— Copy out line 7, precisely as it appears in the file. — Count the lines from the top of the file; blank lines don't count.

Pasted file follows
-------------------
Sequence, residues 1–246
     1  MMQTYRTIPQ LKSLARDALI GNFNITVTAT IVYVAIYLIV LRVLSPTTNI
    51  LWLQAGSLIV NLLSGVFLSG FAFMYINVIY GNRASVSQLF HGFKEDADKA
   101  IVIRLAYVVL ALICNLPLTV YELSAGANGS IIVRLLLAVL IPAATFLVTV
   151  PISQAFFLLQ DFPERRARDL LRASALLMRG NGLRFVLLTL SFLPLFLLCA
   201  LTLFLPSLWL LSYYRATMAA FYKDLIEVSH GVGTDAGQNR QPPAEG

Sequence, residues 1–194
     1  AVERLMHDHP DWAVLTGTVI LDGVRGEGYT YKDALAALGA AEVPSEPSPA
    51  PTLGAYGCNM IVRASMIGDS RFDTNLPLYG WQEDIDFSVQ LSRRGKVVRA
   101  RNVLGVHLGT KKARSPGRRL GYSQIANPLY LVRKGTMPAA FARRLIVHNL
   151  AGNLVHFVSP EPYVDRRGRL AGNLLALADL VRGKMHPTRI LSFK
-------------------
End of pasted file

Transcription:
Sequence, residues 1–194